Why did so many gather to hear Jesus preach the word? In Mark 1 people had been astonished by His teaching in the synagogues. While Jesus taught the multitudes in Matthew, they seemed to be attracted more by His healing powers.

Why does a person need to be forgiven for being paralyzed? Was Jesus under the impression that physical illness is punishment by God? Demons, which featured strongly in Mark 1, are not mentioned in this narrative.

So, which is easier, forgiving sin or telling the paralytic to rise and walk? What is Jesus saying here?

Why does Jesus think healing the paralytic will prove to the scribes He has the power to forgive sins?

Why has Jesus started to call himself the Son of Man? This title is not mentioned in Mark until 2:10. Mark 1 opened with referring to Jesus as the Son of God. Are we to understand the dual nature of Jesus by these two titles?
 

paradox3

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I always wear my Spiritual Glasses when it comes to reading scripture -----:angel:---it gets me on the right path ----
How do we acquire these glasses, would you say? Is it a matter of being open to the Spirit, praying for insight, or something else?
 

Jae

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Thoughts on Mark 1:1-5.
..

V1

Mark loses no time in preliminary discussions and long introductions. He has a message for all of all times. And it sets the divine message's limits and boundaries for all time. The Gospel's centered in Christ, who is the Gospel. Jesus is placed before us. Only this message is the Gospel. Mark's emphasis is that all messages that don't lead to Christ, that don't come from Christ, are false.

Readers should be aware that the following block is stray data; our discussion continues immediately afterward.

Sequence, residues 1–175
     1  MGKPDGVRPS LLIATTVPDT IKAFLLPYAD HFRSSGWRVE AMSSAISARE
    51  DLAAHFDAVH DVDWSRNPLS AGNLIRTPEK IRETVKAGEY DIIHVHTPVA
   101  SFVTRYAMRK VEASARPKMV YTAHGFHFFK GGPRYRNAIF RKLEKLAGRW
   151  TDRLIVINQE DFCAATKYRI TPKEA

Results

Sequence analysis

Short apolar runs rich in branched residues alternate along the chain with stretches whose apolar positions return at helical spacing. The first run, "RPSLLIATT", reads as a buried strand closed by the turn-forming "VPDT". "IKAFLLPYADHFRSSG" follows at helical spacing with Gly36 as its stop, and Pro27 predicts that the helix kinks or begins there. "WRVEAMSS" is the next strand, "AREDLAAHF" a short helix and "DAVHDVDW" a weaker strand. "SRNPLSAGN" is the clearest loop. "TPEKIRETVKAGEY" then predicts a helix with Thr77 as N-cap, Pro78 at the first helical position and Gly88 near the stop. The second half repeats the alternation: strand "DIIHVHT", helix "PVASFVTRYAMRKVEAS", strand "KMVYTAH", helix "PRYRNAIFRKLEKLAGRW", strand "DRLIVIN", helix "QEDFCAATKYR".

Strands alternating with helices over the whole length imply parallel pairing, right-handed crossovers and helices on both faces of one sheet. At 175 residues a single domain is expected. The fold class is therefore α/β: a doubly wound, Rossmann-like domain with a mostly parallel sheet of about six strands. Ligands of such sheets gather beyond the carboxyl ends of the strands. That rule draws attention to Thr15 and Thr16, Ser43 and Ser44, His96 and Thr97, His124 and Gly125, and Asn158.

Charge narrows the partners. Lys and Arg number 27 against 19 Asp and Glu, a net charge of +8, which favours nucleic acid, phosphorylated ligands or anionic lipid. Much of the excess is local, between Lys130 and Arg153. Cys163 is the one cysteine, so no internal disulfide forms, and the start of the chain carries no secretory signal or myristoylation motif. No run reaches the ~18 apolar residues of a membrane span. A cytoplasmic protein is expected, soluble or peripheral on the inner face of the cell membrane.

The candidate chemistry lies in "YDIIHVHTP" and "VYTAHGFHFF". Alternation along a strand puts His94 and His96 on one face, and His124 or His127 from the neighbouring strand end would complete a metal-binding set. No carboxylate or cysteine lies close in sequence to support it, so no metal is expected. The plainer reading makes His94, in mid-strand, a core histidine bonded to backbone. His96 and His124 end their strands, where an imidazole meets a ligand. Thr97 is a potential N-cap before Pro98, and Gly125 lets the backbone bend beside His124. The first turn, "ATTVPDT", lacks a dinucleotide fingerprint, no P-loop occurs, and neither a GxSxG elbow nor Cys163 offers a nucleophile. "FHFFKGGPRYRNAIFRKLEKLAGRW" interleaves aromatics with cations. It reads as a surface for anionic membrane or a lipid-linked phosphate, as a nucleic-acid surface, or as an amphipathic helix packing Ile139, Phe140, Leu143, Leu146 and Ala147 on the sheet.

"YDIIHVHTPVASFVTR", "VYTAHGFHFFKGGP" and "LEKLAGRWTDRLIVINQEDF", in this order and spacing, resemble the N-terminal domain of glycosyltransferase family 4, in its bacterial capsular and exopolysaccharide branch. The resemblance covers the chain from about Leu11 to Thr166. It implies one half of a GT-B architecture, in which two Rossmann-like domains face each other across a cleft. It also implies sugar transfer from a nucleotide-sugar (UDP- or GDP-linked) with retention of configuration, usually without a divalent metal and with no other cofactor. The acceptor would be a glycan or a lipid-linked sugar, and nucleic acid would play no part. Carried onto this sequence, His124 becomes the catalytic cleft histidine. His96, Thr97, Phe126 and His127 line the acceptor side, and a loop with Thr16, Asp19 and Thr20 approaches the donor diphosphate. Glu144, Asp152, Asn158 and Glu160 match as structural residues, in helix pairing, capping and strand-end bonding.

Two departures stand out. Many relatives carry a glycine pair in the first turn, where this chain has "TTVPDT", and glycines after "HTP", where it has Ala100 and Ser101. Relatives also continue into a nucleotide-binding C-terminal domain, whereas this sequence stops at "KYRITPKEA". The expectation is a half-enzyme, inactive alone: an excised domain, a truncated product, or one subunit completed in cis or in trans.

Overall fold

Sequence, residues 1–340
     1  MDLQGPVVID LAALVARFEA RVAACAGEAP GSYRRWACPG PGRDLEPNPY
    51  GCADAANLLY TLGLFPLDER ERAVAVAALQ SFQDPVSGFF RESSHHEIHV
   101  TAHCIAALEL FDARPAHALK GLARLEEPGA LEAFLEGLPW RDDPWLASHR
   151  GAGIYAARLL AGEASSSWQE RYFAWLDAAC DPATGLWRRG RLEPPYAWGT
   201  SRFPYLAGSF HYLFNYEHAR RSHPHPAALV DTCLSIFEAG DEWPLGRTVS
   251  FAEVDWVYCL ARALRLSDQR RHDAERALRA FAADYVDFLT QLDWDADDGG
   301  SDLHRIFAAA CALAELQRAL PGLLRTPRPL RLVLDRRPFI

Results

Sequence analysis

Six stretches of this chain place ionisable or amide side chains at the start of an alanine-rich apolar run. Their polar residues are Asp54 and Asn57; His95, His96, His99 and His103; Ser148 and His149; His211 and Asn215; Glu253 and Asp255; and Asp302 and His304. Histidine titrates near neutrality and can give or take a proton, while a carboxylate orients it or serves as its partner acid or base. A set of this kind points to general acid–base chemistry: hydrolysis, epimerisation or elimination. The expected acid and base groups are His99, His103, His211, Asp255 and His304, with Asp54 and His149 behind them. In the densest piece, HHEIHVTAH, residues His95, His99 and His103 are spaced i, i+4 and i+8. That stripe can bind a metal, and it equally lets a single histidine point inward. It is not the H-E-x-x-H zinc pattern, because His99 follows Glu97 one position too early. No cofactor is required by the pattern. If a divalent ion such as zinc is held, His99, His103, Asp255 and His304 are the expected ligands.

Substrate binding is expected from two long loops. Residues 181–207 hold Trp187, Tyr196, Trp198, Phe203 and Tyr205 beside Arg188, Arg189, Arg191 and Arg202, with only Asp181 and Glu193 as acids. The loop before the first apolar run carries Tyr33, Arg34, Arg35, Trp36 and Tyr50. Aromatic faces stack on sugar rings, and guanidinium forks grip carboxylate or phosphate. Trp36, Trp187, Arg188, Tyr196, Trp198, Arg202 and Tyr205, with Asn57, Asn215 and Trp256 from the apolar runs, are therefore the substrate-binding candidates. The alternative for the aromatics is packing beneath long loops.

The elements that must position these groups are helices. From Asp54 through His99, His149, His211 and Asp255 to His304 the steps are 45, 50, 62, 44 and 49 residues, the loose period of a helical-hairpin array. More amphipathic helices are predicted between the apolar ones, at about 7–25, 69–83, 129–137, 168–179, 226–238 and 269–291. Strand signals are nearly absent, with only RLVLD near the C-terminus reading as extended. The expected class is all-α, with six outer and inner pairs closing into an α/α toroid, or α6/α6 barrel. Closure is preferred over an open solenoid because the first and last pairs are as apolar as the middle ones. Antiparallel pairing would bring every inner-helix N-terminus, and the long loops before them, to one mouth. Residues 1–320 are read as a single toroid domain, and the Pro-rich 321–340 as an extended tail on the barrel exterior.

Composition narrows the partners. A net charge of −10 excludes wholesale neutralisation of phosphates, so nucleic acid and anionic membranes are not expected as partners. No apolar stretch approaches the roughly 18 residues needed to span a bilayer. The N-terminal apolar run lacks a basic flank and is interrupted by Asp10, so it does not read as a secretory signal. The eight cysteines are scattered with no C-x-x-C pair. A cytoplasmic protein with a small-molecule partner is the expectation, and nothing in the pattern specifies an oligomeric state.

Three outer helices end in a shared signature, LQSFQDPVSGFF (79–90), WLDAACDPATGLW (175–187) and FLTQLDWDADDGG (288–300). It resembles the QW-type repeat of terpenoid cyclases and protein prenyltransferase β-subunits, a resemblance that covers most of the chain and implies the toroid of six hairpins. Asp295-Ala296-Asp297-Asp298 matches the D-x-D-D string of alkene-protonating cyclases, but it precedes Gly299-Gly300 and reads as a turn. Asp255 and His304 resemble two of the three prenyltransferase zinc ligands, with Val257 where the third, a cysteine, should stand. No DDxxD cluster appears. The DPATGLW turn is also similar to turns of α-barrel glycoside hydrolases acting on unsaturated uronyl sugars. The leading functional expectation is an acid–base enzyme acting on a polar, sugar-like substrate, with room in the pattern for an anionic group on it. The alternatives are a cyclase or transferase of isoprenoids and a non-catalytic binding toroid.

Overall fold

==

V2-4

Two of the prophets of olden times had described John the Baptist, and the missionary combines their prophecies for brevity.

The first prophecy is one in which God promises to send God's messenger before Christ. And this one would prepare Christ's way. A preparation should be done by the message given to the herald.

In the second prophecy, the message's contents are given. It's a voice to awaken shameful people from their sleep. A feature: It'd be heard out in the wilderness, far from the towns. It's the heart and mind that must be prepared for the coming of Christ, who intends to establish himself in Christians.

Only penitent shameful people are let into God's Kingdom. Pride must be removed. That's the sum of John the Baptist's message. In fulfilling this prophecy, John the Baptist was out in the wilderness between Jerusalem and the Dead Sea. He baptized to emphasize his preaching. For his was a proclamation of the baptism of repentance for the remission of shamefulness. It wasn't a proselyte baptism, nor was it identical with that of Jesus and the NT sacrament.

Those that repented received remission, forgiveness of their shamefulness, and this remission was sealed unto them by John's baptism.

==

V.5

John attracted attention. His fame traveled, and the capital's people set out to see this man. And his preaching's effect was remarkable.

Masses of people, all ages, were baptized. It was the custom not to baptize an adult until the candidate had affirmed that they'd renounce idolatry, superstitions, and had promised allegiance to the Law. Here the confession of shameful acts preceded baptism.

John applied the prophet's words. Those that admitted their shamefulness, he cheered by the reference to God's free grace. To the proud he emphasized humility's necessity, upon the deceitfulhe urged simplicity and purity.